Alternatively, counsel should consider challenging mandatory minimum sentences as cruel and unusual punishment under s. 12 of the Charter of Rights and Freedoms. The Court of Appeal does not squarely address in Henry of Pelham whether the Charter could be applied to independently measure the constitutional validity of a mandatory minimum fine under a regulatory regime with a relief valve such as s.59(2) P.O.A. In R. v Lloyd 2016 SCC 13 a mandatory minimum sentence of 1 year for possession of drugs for the purposes of trafficking had been imposed because the offender had been convicted of a drug offence within 10 years of his most recent conviction. The Supreme Court of Canada held that the mandatory minimum sentence amounted to cruel and unusual punishment contrary to s. 12 of the Charter of Rights and Freedoms. The Supreme Court had noted that Section 10(5) of the Controlled Drugs and Substances Act S.C. 1996, c. 19, provided a statutory relief valve to the minimum one-year sentence if the offender had, prior to sentencing, successfully completed a drug treatment court program or another program approved under the Criminal Code. Significantly however, the Court was prepared to review this exception to the mandatory minimum penalty and concluded that it did not cure the constitutional infirmity. The law's shortcoming was that it was so broad that it caught individual cases which did not merit mandatory minimum sentences.

"If Parliament hopes to sustain mandatory minimum penalties for offences that cast a wide net, it should consider narrowing their reach so that they only catch offenders that merit the mandatory minimum sentences." (at par.35)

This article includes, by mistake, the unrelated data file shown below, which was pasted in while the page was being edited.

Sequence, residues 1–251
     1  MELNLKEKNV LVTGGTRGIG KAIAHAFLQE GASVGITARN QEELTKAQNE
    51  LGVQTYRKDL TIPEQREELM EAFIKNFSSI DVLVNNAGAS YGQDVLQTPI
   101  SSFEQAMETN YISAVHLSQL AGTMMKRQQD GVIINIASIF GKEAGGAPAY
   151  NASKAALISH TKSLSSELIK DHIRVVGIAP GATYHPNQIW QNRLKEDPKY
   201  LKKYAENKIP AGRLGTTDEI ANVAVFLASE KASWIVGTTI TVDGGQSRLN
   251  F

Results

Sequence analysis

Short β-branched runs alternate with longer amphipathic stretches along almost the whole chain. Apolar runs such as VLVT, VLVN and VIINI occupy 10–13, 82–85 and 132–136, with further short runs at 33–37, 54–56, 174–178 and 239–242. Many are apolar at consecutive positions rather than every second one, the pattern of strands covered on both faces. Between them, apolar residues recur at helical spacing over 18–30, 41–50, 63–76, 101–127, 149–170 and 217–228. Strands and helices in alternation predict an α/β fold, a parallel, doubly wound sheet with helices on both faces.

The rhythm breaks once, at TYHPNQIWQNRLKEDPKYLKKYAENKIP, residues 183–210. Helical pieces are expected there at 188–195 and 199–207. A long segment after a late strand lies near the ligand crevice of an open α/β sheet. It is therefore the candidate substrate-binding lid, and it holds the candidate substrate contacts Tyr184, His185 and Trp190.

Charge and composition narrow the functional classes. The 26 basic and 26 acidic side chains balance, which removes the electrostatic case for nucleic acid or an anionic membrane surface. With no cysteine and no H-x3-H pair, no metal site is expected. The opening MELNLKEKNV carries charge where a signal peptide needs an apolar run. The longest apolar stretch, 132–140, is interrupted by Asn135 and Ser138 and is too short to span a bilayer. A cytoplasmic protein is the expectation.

In granting leave to appeal in the Henry of Pelham case on January 8, 2018 Court of Appeal Justice Nordheimer made reference to Crown's statistic that there were over 600 provincial offences that carried statutory imposed minimum fines and that guidance was therefore needed as to when s.59(2) could be invoked. The guidance ultimately offered by the Court of Appeal remains insufficient to prevent a mandatory minimum fine from catching an offender like Henry of Pelham who pleads guilty to a relatively trivial occurrence which technically qualifies as an offence.

The Court of Quebéc in Directeur des poursuites criminelles et pénales c. Bédard 2017 QCCQ 7437 applied the reasoning in Lloyd to the Building Act in Québec and a mandatory minimum penalty of $10,481 for acting as a building contractor without holding an appropriate licence. Bédard had installed a shower for a client and had instructed changes to the drain installation in accordance with the original design. He had ordered plumbing supplies and rented equipment. The contract was worth $241. The Court, as in Lloyd, regarded the mandatory minimum fine as over-reaching the legislative aim of the regulation which was to catch contractors who were defrauding the government by operating lucrative businesses over time outside the regulatory framework. The Court substituted a fine of $50.

The content of this article is intended to provide a general guide to the subject matter. Specialist advice should be sought about your specific circumstances.